Medical and public health professionals noted a rise in reported CVD and sudden death in the years leading up to World War II. This was attributed to improved diagnosis and case recognition, rather than an actual increase in CVD incidence.
However, the dramatic decline of CVD deaths in Europe during the war years and their rapid rise as the hardships were relieved postwar, led some investigators to challenge this assumption, proclaim an epidemic, and propose possible causes.Next Slide Next Era
World War II brought about the disruption of international markets and the mobilization of agriculture for military uses. Nearly every European country, combatant or neutral, endured shortages and rationed food.
Although amounts varied, consumption of dairy, butter, meat, and eggs was drastically reduced, thereby lowering the fat and cholesterol intake of entire populations. After the war researchers examined these dietary changes in relation to declining CVD rates.Next Slide Next Era
Londoners Waiting in Line for Wartime RationsDuring World War II food shortages brought about rationing in nearly all nations in Europe. Restrictions on eggs, butter, milk, and meats led to an overall reduction in the amount of fat and cholesterol consumed by these populations. Here, Londoners [click for more]
Vartiainen & Kanerva
In 1947, Ilmari Vartiainen and Kari Kanerva examined the post mortem records of Finnish hospitals before and after World War II. They found that deaths from atherosclerosis declined significantly between 1940 and 1946.
They associated this with wartime dietary changes,particularly the shortage of meats and foods with high fat and cholesterol content. Their work contributed to the growing evidence that atherosclerosis was preventable rather than an inevitable degenerative process associated with aging.Next Slide Next Era
Number of Deaths Reported from Arteriosclerosis in Finland in 1936-1946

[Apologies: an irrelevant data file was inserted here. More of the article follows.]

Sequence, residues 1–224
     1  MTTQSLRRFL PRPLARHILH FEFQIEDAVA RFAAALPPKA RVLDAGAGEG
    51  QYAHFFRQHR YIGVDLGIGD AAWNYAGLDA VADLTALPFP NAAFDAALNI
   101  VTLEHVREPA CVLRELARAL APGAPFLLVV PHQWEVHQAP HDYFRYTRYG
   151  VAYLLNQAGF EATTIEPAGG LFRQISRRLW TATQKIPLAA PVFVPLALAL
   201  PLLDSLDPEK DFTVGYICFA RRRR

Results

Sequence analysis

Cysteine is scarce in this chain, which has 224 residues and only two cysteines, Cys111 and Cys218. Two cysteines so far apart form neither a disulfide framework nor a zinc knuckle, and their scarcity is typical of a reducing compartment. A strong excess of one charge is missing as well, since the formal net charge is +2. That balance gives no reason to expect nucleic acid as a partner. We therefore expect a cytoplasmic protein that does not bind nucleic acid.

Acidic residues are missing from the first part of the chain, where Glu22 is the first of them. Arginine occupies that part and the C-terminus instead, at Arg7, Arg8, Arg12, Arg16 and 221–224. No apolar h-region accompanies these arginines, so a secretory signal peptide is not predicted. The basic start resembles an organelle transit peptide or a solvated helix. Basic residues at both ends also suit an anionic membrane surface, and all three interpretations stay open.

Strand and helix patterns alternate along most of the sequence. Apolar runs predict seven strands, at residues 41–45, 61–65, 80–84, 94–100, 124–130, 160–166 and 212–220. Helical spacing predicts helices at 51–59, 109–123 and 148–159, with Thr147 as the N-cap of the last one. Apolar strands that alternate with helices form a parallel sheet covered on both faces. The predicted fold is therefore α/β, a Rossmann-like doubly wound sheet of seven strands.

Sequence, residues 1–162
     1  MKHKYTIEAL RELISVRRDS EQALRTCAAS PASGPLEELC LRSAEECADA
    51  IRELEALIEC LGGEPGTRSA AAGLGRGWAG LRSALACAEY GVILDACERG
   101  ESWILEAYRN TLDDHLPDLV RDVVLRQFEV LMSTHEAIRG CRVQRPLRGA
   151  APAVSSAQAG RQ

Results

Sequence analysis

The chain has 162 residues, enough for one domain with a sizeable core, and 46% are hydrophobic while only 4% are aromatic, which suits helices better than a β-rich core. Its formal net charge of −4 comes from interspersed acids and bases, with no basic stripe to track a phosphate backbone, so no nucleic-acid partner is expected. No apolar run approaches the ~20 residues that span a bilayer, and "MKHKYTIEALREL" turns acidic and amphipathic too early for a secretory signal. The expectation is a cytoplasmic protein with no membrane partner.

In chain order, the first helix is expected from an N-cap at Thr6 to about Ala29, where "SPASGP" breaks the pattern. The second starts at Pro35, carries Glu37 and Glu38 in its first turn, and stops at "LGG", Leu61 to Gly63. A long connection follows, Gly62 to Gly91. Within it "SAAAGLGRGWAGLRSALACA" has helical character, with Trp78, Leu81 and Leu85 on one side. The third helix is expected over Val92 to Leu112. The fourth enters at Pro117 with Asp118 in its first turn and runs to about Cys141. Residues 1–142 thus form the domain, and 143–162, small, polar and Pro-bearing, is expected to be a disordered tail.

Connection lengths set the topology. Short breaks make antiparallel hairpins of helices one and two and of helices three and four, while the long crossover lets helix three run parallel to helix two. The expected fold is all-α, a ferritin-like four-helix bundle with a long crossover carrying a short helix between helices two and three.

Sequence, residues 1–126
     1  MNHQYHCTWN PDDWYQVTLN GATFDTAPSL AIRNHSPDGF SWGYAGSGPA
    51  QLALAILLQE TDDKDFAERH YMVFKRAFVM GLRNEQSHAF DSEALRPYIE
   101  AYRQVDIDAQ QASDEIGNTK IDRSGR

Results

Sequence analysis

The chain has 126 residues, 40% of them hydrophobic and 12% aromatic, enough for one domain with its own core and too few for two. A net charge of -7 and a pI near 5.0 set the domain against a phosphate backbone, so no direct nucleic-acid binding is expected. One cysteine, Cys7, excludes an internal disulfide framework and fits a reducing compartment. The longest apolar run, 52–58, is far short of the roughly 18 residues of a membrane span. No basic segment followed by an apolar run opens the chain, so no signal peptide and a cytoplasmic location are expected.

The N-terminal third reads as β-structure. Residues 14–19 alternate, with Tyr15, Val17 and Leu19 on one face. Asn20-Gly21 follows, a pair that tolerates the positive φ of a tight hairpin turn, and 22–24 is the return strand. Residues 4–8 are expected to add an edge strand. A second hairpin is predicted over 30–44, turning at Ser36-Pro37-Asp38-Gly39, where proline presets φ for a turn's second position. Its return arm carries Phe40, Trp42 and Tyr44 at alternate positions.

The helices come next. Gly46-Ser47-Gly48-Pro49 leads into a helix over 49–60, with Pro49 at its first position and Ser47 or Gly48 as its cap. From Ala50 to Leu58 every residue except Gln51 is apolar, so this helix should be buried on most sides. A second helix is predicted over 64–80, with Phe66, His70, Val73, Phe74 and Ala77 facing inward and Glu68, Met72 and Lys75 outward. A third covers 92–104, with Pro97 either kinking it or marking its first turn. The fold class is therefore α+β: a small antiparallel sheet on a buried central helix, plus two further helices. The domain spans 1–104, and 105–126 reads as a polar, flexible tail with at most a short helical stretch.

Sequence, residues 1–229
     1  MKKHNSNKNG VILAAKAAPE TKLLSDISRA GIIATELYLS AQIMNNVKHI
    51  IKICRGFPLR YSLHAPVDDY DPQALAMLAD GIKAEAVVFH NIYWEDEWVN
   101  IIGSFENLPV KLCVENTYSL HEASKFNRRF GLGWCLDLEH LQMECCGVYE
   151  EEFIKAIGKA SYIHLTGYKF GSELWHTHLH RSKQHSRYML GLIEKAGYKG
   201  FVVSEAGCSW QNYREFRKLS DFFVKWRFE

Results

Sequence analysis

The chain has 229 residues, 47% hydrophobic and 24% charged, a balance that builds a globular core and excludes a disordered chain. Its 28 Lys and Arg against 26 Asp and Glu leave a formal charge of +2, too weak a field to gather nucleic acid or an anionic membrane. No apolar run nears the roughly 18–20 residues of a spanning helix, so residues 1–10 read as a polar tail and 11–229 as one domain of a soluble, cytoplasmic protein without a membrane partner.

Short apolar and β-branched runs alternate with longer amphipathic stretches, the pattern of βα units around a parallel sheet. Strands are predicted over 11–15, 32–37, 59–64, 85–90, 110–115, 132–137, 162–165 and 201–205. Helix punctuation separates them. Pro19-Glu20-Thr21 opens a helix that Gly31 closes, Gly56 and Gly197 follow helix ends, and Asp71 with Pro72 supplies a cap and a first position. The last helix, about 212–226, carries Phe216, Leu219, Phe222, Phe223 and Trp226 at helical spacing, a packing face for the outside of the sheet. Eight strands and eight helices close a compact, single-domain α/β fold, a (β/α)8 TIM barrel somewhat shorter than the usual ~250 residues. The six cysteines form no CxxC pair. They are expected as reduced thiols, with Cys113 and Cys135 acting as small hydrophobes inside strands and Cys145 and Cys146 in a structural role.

Haqvin Malmros of Lund, Sweden, compared changes in the CVD mortality rates of Scandinavian countries and the United States during the war and found that deaths due to atherosclerosis declined sharply in Scandinavia compared to the United States.
Malmros attributed this difference to the greatly reduced total fat and caloric intake of populations in Europe, where food shortages were much more severe than in America.Next Slide Next Era
Malmros, Haqvin, MDDr. Malmros was a pioneer Swedish internist who pointed up wartime changes in diet and CVD rates. He is seen here at his home in Malmo, with his wife and daughter. [click for more]
Death Rate from ArteriosclerosisGraph from 1950 Malmros article comparing mortality rates from arteriosclerosis in Scandinavia and the United States. [click for more]
Strom & Jensen
In German-occupied Norway, Axel Strom and R. Adelsten Jensen observed that deaths from cardiovascular diseases declined sharply in the war years. They correlated this decrease in mortality with the significant decline in fat consumption.
Strom and Jensen reported that the average daily intake of fat of Norwegian men was reduced by more than fifty percent. Publishing in 1951 in the Lancet, they offered their findings as evidence in favor of the emerging diet hypothesis.Next Slide Next Era